Sunday, 24 May 2015

“Not child protection” – the case of Baby Paris Vince-Stephens

The case of Paris Vince-Stephens, a sixteen-weeks old from Bristol who was killed by her father in 2013, is the subject of a Serious Case Review (SCR) report published last week.

The report makes clear that a considerable number of child protection concerns had never been addressed in this case, including the sexual exploitation of the mother by the much older father, when she was as young as 14, physical injuries to Paris’s older sibling, known serious drug abuse by both parents and a substantial history of domestic abuse.

The author of the serious case review report says that it is perplexing that this case was never seen as child protection, by children’s social care and by other agencies. Despite “clear evidence” of domestic abuse, substance misuse and physical abuse no agency seemed to have thought the children were suffering significant harm. She reports that she, the Internal Management Review authors and members of the SCR Panel all agree that this was a clear case of child abuse but they are at a loss to explain why the case was not seen as such. (Paragraph 3.2.1) She writes:

“Everything seemed to be minimised – the horrific domestic abuse, drug-taking and the injuries to the children, including the incident … when (the mother) said that (the father) had shaken (the older sibling)…. There seems to have been inertia amongst staff from other agencies, who were not reporting high levels of concern to social care, despite the high level of risk.” (Paragraph 3.2.3)

So at the heart of this tragic case there is an unsolved puzzle, a mystery: why in the face of apparently clear evidence of child abuse did nobody appear to recognise it or to act on it? And the serious case review provides no answer.

I do not blame anybody for not being able to find the causes of this tragedy. But I am puzzled why there is not more concern about the mystery. The BBC quotes the chairwoman of the Bristol Safeguarding Children Board as saying about the service failures: "every action has been taken to ensure that they do not reoccur". But how can this happen when we do not know what the causes of this comprehensive loss of situation awareness are? How can people in Bristol be putting things right when they still don’t know what went wrong?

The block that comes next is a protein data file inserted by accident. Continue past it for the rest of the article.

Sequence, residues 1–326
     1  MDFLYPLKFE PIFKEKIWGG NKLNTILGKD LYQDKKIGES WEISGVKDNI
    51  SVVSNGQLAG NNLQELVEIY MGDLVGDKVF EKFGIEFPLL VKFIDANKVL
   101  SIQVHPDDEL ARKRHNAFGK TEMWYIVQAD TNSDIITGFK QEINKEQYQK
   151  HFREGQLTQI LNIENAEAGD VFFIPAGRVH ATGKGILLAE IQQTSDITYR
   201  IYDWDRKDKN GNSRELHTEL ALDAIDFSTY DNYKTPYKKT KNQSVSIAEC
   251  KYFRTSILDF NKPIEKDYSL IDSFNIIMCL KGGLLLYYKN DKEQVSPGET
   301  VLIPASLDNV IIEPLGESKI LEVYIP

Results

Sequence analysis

When an airliner crashes in the deep ocean and the wreckage cannot be found (for example Malaysian Airlines Flight 370) this is generally recognised as one of the most worrying situations. Until the plane and its black boxes are recovered, nobody knows whether or not other similar aircraft are flying around with a similar potentially fatal fault. That is why governments and safety agencies are prepared to spend lots of money trying to find the wreckage.

I think something similar should happen with Serious Case Reviews. When, as in Bristol, a Serious Case Review fails to uncover an explanation of what has gone wrong, I think government should fund additional enquiries with a view to discovering the causes of the tragedy. If Ofsted were up to the task this would be a job for an inspectorate. But it is manifestly obvious that Ofsted does not have the knowledge or skills for an undertaking like this. So perhaps Government needs to commission research and enquiries by academic researchers or other independent experts. Whatever happens it is simply not good enough to throw-up our hands and accept that there is no explanation for highly trained and hard working professionals, from all the agencies involved, failing to recognise what was a clear case of serious abuse.